Eulo Mud Springs These are unique to the area and are the blow holes of the Artesian Basin. In days gone by, loud bangs were heard as the springs blew out. These days they tend to ooze mud which is quite cold and smooth. The mud springs are located 7 km west of Eulo on the Adventure Way. Approach with caution!
Nature Drives GRANITES NATURE DRIVE Take a drive to what the locals call ‘the Granites’. Drive through town heading west and watch for the sign. Follow the road and you’ll come to an outcrop of granite boulders. Years ago, gold was panned in this area. From the granites, look for information on the old race course and the old sports ground. BILLABONG NATURE DRIVE About 2 km long, this drive will lead to a billabong. It is described as a branch of a river forming a backwater made by water flowing from the main stream during a flood or by the river changing its course. This billabong is home to numerous water birds and small birds too. Trees, indigenous to this area, have identifying name plaques and can be found along this drive.
8 Diprotodons are giant wombat-like marsupials that lived in Australia between 1.6 million and 45,000 years ago and may have been a migratory species, as an analysis of a fossil tooth suggests.
Diprotodon, meaning ‘two forward teeth’, is the largest known marsupial to have ever lived, along with many other members of a group of species collectively known as the ‘Australian megafauna’.
Diprotodon species fossils have been found in sites across mainland Australia, including complete skulls and skeletons, as well as hair and foot impressions. Bones have been discovered in the Eulo area. Check out the display at the Eulo Store.
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alroy station camping grounds Alroy Station is a working sheep and cattle property in Outback Queensland. The camping grounds are on the banks of Yowah Creek and owners, Mac and Mary Haig, offer a real outback camping experience. 60 km past Eulo as you’re heading to Quilpie, turn off the Adventure Highway and find the haven of the outback! It’s the perfect spot for wildlife and birdwatching, bush walks, yabbying and fishing. Alroy boasts spectacular night skies, stargazing, peace and quiet, plenty of photography opportunities and wide open spaces! The bush camping area has open fireplaces, with wood supplied. Camp oven dinner packages available to order. Water taps, kitchen area, a couple of septic toilets and showers available. Or enjoy a soak in an Artesian spa. Waste removal and clean amenities are on site. ATTRACTIONS • Large non-powered camp sites • Clean amenities with disabled access • Waste removal • Peace and quiet • Spectacular night sky 22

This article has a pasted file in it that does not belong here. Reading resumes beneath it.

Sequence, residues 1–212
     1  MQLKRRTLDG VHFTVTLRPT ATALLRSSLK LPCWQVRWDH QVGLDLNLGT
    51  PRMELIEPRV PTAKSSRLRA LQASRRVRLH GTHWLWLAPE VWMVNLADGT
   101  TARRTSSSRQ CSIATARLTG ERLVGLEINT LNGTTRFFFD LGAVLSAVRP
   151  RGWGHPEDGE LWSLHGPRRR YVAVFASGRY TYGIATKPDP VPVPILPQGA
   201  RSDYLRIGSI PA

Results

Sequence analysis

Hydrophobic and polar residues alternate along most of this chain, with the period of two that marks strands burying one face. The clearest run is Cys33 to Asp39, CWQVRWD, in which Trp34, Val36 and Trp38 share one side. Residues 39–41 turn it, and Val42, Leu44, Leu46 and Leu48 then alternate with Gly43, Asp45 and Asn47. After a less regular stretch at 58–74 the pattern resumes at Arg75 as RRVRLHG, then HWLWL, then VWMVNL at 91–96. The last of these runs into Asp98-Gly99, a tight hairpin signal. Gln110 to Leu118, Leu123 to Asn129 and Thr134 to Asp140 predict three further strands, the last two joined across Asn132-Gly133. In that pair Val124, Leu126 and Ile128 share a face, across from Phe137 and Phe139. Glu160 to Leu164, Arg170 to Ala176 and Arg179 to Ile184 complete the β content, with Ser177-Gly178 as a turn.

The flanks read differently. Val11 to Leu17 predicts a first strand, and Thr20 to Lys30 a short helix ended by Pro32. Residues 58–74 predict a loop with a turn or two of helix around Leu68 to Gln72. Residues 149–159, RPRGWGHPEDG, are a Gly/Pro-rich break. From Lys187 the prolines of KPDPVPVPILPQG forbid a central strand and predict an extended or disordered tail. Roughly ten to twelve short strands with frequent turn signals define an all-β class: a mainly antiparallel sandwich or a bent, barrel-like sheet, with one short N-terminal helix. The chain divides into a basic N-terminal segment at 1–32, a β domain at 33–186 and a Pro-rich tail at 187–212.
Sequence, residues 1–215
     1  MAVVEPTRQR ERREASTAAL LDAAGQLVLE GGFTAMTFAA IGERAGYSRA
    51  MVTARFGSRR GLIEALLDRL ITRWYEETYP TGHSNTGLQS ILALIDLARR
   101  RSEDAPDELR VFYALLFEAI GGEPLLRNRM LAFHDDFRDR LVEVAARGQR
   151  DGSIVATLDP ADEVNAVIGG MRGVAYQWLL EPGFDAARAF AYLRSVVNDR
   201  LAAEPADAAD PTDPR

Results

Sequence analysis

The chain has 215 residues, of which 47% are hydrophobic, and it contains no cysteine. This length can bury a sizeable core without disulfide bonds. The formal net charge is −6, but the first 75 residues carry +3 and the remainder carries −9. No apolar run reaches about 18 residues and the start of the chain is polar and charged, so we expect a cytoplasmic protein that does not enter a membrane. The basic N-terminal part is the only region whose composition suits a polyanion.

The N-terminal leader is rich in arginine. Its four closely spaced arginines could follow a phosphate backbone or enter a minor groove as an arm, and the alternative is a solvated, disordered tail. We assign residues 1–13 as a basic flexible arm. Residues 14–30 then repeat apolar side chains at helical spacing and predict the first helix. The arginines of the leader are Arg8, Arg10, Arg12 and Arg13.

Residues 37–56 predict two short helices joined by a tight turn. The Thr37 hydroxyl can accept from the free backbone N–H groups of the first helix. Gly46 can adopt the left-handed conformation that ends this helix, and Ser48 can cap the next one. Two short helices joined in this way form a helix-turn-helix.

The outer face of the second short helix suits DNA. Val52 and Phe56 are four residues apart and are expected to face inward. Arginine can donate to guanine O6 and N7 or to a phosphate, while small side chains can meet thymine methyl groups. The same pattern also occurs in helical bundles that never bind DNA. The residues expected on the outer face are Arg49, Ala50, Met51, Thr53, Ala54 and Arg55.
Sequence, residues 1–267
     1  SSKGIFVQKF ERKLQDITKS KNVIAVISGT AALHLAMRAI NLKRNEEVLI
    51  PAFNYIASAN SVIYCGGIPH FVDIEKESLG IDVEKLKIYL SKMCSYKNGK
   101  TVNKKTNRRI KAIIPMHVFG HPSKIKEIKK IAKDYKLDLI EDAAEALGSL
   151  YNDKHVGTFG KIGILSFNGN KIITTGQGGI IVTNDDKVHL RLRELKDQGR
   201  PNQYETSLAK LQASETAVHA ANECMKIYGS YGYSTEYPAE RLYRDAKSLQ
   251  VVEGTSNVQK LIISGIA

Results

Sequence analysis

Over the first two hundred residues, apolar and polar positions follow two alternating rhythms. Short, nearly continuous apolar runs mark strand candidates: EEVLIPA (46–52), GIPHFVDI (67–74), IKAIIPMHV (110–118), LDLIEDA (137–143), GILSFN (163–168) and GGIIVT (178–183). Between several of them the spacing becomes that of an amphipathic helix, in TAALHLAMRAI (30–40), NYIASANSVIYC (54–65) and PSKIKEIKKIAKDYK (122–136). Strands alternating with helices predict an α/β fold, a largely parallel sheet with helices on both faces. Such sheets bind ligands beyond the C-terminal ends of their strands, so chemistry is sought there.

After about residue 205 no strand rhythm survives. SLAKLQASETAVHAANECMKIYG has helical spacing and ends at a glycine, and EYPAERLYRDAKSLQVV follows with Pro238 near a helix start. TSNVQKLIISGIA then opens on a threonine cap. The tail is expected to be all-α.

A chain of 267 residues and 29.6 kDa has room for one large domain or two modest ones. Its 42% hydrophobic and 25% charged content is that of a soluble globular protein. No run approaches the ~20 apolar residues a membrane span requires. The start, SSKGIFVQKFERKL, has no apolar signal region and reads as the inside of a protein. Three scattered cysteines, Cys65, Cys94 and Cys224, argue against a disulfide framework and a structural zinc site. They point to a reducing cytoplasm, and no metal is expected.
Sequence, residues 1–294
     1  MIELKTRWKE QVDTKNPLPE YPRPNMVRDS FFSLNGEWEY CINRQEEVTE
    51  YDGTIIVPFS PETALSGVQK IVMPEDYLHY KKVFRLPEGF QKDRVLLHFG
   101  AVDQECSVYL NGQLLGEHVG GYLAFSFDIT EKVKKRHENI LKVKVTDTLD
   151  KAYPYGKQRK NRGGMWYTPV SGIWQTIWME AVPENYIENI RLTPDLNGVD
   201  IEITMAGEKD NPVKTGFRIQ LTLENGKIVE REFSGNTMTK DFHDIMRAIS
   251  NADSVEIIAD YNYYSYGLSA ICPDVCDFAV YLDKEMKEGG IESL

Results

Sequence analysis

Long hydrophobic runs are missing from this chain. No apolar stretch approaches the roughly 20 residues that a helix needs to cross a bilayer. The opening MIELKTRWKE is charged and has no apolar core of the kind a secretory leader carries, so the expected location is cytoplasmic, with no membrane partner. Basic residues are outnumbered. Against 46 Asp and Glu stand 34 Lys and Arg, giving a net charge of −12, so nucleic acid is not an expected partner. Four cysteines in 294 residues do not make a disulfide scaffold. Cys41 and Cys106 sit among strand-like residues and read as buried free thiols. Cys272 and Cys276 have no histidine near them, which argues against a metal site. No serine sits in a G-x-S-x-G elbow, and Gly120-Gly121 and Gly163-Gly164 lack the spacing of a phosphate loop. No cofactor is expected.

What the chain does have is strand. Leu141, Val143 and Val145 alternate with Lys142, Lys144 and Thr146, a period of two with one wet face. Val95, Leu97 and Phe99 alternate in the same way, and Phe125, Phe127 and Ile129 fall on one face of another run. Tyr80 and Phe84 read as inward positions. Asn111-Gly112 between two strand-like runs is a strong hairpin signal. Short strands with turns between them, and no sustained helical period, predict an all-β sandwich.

• • • • •
Wildlife & birdwatching Open camp fire with wood supplied Camp oven dinners Bush walks Pet friendly
Contact Mac and Mary Phone 0427 992 889
Flora and Fauna of the Area FLORA The Yapunyah tree (Eucalyptus ochrophloia) is a native to South West Queensland and grows to a height of 20 metres. The tree has weeping branches with a reddish trunk and the honey produced by this tree has a unique flavour. Another good yielding honey tree is the Bimble Box (Eucalyptus populnea) which has glossy green, broad leaves. Other eucalypt trees are the Coolibah (Eucalyptus coolabah), River Red Gum (Eucalyptus camaldulensis) and Blood Wood (Eucalyptus terminalis).
FAUNA The kangaroo, emu and a large variety of lizards are native to the area. There is also a huge variety of birds including Burkes Parrot and Halls Babbler. Enthusiasts travel from all over Australia to view these birds. Due to dams and watering areas built by graziers, the kangaroo population flourishes in the area. They become a nuisance by invading paddocks and damaging fences. They are also dangerous for travellers as they feed alongside the road and move unpredictably when startled by vehicles.
The Acacia cambagei (the gidyea or gidgee) occurs naturally and is a good timber tree. Acacia aneura (mulga) grows abundantly in this area and is an excellent source of fodder in dry seasons. A flock of galahs drink at a stock trough.
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T: 07 4655 8470 WWW.CUNNAMULLATOURISM.COM.AU